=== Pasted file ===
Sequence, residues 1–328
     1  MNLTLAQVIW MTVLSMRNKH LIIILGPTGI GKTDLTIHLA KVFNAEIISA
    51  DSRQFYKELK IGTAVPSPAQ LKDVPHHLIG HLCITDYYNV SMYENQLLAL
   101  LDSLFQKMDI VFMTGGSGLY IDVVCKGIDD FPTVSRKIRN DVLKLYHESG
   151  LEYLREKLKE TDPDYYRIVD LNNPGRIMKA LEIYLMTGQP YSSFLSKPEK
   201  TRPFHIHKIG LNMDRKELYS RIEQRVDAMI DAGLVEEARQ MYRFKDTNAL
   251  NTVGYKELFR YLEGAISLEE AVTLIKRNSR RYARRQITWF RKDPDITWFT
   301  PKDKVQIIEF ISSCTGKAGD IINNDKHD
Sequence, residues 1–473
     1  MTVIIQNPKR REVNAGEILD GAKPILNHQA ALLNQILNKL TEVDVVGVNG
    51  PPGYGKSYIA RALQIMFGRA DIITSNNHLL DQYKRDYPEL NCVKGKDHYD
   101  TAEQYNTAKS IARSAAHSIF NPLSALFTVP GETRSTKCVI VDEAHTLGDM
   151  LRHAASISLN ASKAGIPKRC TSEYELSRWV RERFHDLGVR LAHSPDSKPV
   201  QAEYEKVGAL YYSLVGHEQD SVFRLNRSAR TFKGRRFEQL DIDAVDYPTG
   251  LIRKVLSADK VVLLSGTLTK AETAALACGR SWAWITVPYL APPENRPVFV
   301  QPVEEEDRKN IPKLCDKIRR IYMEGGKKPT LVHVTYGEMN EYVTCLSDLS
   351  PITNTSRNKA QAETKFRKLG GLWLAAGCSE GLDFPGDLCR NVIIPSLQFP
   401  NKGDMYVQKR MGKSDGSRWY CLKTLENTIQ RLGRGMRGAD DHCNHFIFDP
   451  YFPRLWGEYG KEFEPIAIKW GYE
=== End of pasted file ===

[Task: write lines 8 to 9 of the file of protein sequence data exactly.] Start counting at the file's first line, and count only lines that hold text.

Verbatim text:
   301  PKDKVQIIEF ISSCTGKAGD IINNDKHD
Sequence, residues 1–473